Pentagon Fraud – “This has got to stop”
The Senate has approved several amendments to the National Defense Authorization Act (S. 3254), which will bring greater transparency and accountability to federal contracting. The amendments, which OMB Watch endorsed, would:
- Strengthen whistleblower protections for federal contractors and grantees, which ensures that employees of contractors and grantees cannot be fired or punished for reporting misconduct, modeled after the protections pioneered in the American Recovery and Reinvestment Act of 2009 – sponsored by Sen. Claire McCaskill (D-MO)
- Require the Defense Department to publish its “revolving door” database of senior department officials who seek employment with defense contractors – sponsored by Sens. Bernie Sanders (I-VT) and Sheldon Whitehouse (D-RI)
- Require the Defense Department to conduct an annual study on defense contracting fraud, including an assessment of its business with contractors previously penalized for fraud against the government and recommendations for reform – sponsored by Sens. Bernie Sanders (I-VT) and Joe Manchin (D-WV)
The Senate on Friday agreed to make the Pentagon compile annual reports on contracting fraud. The provision by Sen. Bernie Sanders was added to a Department of Defense authorization bill. Another Sanders amendment added to the bill today would make public a list of senior military officials who leave the government and land on the payrolls of defense contractors. “This country has a $16 trillion national debt. It is unacceptable that the Department of Defense continues to lose vast sums of taxpayer money because of fraud perpetrated by major defense contractors. This has got to stop,” Sanders said.
The contractor fraud provision would make the Department of Defense identify firms that received contracts after they were previously sanctioned for defrauding the Pentagon.
Over the past decade, the Department of Defense paid more than $400 billion to contractors who had been previously sanctioned in cases involving $1 million or more in fraud, according to a 2011 Pentagon report. That study, the first of its kind, was required by a Sanders amendment to an earlier defense authorization bill.
Major contractors among the many examples of fraud cited in the report included:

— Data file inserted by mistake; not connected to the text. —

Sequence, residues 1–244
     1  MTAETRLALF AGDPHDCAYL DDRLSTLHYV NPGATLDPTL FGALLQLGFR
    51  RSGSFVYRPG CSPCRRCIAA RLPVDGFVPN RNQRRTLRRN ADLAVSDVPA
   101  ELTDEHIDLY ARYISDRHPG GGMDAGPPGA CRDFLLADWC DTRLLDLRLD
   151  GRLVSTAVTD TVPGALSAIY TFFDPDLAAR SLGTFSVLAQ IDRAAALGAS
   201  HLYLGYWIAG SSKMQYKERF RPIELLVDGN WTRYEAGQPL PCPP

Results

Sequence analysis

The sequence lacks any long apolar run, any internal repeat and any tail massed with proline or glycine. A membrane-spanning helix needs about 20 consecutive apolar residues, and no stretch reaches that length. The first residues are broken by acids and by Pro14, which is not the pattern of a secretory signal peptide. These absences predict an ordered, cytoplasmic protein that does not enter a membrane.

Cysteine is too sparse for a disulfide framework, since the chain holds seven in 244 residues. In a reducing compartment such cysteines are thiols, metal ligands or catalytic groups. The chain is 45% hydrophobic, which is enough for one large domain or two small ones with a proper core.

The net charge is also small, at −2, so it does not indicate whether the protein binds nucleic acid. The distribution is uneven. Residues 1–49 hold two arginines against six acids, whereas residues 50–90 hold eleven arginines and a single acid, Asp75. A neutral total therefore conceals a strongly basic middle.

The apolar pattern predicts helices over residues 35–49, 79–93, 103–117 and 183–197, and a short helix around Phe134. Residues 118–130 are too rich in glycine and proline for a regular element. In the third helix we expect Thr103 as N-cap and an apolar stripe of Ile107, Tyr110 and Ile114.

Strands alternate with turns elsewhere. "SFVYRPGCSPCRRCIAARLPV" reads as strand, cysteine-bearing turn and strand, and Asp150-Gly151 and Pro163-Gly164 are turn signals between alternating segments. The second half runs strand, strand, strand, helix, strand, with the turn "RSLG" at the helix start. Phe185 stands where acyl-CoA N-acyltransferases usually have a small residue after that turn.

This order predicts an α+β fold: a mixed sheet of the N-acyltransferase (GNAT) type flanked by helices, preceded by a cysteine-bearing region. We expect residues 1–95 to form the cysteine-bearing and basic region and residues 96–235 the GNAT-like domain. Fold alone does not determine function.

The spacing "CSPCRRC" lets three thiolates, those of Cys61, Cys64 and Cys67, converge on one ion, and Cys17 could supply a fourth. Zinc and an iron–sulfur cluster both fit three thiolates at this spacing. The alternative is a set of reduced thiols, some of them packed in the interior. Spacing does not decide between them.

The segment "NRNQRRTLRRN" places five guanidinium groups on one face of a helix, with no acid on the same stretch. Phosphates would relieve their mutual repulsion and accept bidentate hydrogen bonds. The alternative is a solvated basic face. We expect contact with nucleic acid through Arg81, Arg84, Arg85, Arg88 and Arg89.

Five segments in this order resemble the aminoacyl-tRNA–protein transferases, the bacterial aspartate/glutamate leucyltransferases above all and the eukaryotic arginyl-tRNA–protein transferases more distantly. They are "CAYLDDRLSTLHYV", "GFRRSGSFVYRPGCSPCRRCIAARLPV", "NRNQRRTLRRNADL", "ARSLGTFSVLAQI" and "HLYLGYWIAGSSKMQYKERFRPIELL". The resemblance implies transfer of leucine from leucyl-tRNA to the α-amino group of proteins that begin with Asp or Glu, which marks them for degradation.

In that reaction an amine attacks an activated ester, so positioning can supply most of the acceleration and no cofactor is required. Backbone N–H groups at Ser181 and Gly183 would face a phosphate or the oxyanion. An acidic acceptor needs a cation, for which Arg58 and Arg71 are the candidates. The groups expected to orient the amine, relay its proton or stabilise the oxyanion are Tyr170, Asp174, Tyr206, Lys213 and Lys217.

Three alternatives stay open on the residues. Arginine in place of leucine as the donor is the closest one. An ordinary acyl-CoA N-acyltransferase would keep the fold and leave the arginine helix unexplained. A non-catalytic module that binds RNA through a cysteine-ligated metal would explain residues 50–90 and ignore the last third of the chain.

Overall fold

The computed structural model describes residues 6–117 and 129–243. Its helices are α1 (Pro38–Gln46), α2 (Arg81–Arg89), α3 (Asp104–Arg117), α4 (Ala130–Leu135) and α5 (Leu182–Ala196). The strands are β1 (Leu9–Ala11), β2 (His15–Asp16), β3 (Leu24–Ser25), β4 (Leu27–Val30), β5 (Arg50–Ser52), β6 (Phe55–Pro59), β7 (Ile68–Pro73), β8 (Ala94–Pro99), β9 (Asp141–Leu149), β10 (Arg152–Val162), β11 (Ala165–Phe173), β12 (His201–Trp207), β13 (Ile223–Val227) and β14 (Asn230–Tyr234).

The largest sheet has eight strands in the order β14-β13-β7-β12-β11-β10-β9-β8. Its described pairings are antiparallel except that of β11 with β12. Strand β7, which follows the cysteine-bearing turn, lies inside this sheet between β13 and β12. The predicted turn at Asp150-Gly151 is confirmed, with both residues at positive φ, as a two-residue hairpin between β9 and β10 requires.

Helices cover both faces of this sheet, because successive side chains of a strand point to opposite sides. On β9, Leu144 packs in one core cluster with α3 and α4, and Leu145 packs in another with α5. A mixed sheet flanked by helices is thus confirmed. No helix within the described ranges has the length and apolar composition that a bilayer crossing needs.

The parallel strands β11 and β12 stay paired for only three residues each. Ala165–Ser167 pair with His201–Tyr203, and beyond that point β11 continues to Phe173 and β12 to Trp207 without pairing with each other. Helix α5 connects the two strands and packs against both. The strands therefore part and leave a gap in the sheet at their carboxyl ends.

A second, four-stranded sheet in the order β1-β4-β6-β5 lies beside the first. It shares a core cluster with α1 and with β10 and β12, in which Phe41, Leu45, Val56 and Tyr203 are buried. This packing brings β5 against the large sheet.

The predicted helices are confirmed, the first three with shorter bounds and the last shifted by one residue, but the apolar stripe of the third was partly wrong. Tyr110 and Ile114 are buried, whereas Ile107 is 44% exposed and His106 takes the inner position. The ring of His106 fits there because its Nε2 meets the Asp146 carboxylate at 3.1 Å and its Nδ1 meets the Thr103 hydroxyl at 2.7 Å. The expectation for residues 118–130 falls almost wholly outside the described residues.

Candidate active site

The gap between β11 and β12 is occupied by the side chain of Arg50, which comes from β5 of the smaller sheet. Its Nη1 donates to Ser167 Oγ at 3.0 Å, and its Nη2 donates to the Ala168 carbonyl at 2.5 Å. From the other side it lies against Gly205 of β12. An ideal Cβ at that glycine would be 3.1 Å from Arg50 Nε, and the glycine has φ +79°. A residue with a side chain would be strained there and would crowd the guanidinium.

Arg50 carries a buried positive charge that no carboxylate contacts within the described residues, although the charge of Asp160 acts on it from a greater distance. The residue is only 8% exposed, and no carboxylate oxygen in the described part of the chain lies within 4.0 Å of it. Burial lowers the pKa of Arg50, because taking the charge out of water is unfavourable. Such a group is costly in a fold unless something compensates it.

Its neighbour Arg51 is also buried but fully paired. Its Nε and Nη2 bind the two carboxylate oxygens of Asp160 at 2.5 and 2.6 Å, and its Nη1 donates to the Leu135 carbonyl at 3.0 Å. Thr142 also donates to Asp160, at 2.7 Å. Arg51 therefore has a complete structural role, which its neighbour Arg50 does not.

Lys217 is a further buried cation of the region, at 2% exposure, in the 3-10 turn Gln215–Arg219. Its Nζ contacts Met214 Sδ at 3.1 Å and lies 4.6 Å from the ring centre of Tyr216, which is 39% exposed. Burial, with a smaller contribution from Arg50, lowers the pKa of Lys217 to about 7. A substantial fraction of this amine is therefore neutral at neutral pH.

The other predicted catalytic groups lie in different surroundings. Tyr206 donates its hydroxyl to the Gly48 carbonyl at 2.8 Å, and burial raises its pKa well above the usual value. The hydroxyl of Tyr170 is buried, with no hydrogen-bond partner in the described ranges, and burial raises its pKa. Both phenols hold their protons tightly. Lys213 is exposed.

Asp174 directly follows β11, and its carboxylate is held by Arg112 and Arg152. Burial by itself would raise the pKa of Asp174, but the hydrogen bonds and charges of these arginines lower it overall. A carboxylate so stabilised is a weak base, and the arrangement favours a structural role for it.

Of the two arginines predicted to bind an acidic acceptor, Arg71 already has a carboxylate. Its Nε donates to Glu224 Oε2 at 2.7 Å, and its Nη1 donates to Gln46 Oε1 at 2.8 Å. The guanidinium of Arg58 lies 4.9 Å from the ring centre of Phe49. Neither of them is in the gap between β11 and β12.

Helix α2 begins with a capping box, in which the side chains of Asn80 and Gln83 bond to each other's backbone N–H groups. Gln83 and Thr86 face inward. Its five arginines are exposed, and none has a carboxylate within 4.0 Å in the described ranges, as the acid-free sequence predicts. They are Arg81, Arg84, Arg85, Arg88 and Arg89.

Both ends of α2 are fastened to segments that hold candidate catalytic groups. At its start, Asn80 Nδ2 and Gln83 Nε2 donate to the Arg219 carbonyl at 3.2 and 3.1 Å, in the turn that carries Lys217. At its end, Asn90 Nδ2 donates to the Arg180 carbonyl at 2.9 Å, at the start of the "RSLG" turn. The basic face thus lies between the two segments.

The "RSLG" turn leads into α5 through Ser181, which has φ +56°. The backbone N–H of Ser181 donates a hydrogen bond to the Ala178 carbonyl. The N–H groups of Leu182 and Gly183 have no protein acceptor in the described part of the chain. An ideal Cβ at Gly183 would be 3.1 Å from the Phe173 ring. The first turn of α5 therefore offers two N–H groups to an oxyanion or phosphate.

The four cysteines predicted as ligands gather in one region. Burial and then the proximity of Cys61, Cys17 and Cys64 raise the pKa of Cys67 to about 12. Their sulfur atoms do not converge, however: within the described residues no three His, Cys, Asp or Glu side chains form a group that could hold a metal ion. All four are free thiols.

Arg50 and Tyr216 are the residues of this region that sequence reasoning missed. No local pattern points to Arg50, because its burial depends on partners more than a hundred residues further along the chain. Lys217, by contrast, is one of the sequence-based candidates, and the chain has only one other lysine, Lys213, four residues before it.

- Lockheed Martin. The nation’s largest defense contractor landed $200 billion in taxpayer-funded contracts even after paying $60.95 million in fraud judgments and settlements over the previous 10 years. In 2008, for example, Lockheed paid $10.5 million to settle charges that it submitted false invoices for a multi-billion dollar contract connected to the Titan IV space launch vehicle program. The very next year, Lockheed received $30.2 billion in Pentagon contracts.
- The Boeing Company. It paid at least $644 million in fraud judgments and settlements while it received more than $21 billion in contracts in the last decade. In 2000, for example, Boeing agreed to pay $54 million to settle charges that it placed defective gears in more than 140 Chinook helicopters and then sold the helicopters to the Army.
- Northrop Grumman Corp. Despite paying at least $410 million in fraud judgments and settlements, the nation’s No. 3 defense contractor was awarded more than $9 billion in taxpayer-funded contracts in the last decade. In 2005, Northrop Grumman paid $62 million to settle charges that it concealed basic inventory problems. Despite the serious charges, Northrop Grumman received $12.7 billion in contracts the next year, a 16 percent increase over the year before.
Under a separate Sanders amendment, the Pentagon would have to shed light on defense contractors that hire retiring Pentagon brass to help them land lucrative government contracts.
A recent study by Citizens for Responsibility and Ethics in Washington and the Brave New Foundation found that 70 percent of recently-retired three-and-four star generals left the Pentagon for employment by major defense contractors. At least two of the former generals continued to serve on Defense Department advisory panels. The report did not find that any generals were breaking rules, but said that ethics codes are “riddled with loopholes” and suggested increased public scrutiny could prevent conflicts of interest. (Click HERE for original article)